Arizona Legislators think spending $2 million on Teach for America (TFA) recruits is a solution for “supporting our teachers?” Get real. You don’t support teachers by bringing in “scabs” to take their jobs or, by claiming that young college graduates, with five weeks of training are “highly qualified teachers.” You support teachers by providing them what they need to do their jobs and paying them equitably.
I get that politicians want quick wins to show their constituents. But as the saying goes, politicians think of the next election, leaders think of the next generation. We need more leaders who understand sound bites don’t equal solutions. Using TFA corps members to supplant much more qualified teachers in an attempt to save long-term costs (such as earned retirement entitlements) is a short-term outlook that only hurts our children in the long run.
TFA recruits have shown some slightly higher gains on students’ assessments over comparable new teachers, but these “wunderkids” are far from the solution to our teacher shortage. Turnover, always a challenge with new teachers, is much higher with TFA recruits with 56% of them leaving after their initial commitment is up and a full 85% leaving by their fifth year.[i] TFA founder Wendy Kopp’s description of the organization as a “leadership development organization, not a teaching organization” is likely part of the problem.[ii] Corps members aren’t usually drawn to the program because they want to become teaching professionals. Their “gig” in the classroom is a jumping stone to more.
The real problem with using TFA corps members in place of teaching professionals though, is that it reinforces the thought that “if you can, you do…if you can’t, you teach.” Until we recognize that teaching is a critically important profession and invest in the education and retention of these valuable professionals, our country will never move the needle forward on education achievement. I wouldn’t consider five weeks of training sufficient for my doctor, lawyer, or accountant and I don’t consider it enough for our teachers.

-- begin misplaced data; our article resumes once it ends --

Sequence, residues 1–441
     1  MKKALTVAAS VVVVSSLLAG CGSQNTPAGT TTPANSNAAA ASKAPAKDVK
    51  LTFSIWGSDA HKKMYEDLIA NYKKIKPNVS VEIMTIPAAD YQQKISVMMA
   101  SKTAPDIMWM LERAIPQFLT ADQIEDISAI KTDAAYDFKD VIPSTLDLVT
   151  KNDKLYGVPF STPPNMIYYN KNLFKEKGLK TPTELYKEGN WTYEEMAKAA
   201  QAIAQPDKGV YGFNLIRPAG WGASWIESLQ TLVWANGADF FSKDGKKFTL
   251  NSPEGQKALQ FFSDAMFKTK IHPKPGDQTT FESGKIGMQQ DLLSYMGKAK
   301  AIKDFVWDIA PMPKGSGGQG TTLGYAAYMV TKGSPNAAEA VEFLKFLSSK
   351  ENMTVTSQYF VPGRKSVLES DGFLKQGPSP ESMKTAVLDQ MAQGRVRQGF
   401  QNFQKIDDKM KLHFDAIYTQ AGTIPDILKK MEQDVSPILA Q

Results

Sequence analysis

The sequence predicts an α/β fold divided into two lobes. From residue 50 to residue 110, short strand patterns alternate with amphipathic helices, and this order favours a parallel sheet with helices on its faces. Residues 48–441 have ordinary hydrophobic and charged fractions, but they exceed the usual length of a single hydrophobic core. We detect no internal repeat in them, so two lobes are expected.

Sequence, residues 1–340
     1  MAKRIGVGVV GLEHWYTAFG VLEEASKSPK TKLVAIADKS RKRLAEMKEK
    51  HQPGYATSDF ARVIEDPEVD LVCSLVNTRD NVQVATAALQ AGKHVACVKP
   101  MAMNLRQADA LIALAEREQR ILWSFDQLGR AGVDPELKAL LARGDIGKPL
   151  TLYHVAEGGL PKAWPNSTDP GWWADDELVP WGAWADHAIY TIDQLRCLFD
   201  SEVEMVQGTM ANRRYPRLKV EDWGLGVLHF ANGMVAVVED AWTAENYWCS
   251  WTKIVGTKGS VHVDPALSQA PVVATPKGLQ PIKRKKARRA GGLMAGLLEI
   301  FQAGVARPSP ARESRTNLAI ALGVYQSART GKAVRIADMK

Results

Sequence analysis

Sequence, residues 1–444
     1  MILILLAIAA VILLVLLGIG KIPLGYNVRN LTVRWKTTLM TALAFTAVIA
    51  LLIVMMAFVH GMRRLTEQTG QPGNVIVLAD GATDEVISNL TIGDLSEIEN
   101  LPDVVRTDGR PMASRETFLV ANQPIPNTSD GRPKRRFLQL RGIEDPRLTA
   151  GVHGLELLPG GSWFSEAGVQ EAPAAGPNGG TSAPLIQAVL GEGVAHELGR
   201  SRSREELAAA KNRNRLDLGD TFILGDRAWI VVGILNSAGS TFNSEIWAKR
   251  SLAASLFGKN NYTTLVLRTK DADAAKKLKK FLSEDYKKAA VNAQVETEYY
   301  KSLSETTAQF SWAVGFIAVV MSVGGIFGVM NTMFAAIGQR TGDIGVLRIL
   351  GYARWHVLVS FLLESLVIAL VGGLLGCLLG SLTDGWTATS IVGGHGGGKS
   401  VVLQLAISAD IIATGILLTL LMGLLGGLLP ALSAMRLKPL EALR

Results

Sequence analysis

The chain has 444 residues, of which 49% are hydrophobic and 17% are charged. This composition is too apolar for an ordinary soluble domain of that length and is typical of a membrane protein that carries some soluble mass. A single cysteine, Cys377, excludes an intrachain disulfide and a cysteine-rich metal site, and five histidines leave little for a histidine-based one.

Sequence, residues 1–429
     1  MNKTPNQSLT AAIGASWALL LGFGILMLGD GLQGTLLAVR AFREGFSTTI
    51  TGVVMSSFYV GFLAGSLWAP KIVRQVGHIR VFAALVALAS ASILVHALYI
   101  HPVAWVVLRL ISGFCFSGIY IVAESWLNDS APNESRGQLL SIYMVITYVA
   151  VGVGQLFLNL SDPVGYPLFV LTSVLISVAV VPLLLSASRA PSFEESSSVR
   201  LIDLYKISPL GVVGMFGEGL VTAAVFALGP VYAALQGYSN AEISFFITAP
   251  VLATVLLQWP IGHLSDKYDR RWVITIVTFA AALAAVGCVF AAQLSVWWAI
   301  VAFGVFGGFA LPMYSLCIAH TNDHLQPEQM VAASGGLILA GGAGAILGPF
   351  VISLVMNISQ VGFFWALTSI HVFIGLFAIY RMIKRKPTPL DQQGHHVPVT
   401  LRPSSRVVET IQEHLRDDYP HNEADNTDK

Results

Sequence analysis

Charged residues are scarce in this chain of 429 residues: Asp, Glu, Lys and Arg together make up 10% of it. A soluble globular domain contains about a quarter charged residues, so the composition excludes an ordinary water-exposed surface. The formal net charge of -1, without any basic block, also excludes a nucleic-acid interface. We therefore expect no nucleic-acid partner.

Helping our schools succeed isn’t rocket science, but neither will it be easy. Money isn’t the total answer, but it is part of the equation. Yes, we have a teacher shortage in Arizona, but we can’t succumb to the quick fix. The solution lies in: 1) paying our teachers equitably so we can attract and retain the best, 2) keeping classroom sizes moderate so teachers can give each child the attention they deserve, 3) providing well-rounded curriculums that allow our children to explore their interests and fortify their strengths (since we never know where the next Einstein or Maya Angelou will come from) and 4) providing stability for our schools, staffs and students so they can focus on quality and growth, not churn and burn.
Diane Ravitch, our nations’ leading public education advocate, said recently at Lehigh University that: “public schools are the people’s schools, their doors are open to all…public education must be, as we once hoped, a bastion of equal opportunity. Public education is a public trust. It is not a business opportunity.”[iii] When a politician claims they support education, listen for the word “public” as part of their claim. If they don’t say it, they don’t mean it and don’t truly support quality education for everyone. It really is that simple.